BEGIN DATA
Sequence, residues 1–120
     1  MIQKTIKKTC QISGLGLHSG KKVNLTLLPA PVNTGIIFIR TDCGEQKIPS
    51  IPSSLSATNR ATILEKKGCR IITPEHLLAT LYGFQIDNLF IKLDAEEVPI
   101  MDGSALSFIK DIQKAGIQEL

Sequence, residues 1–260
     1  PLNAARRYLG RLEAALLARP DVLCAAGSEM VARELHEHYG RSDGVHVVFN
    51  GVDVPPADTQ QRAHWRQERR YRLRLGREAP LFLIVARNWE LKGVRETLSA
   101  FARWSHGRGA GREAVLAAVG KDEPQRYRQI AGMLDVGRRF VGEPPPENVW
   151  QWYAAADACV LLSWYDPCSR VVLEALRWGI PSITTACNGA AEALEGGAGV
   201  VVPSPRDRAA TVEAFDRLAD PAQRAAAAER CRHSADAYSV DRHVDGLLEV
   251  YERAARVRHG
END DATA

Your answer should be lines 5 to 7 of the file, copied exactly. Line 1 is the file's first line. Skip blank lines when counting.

Sequence, residues 1–260
     1  PLNAARRYLG RLEAALLARP DVLCAAGSEM VARELHEHYG RSDGVHVVFN
    51  GVDVPPADTQ QRAHWRQERR YRLRLGREAP LFLIVARNWE LKGVRETLSA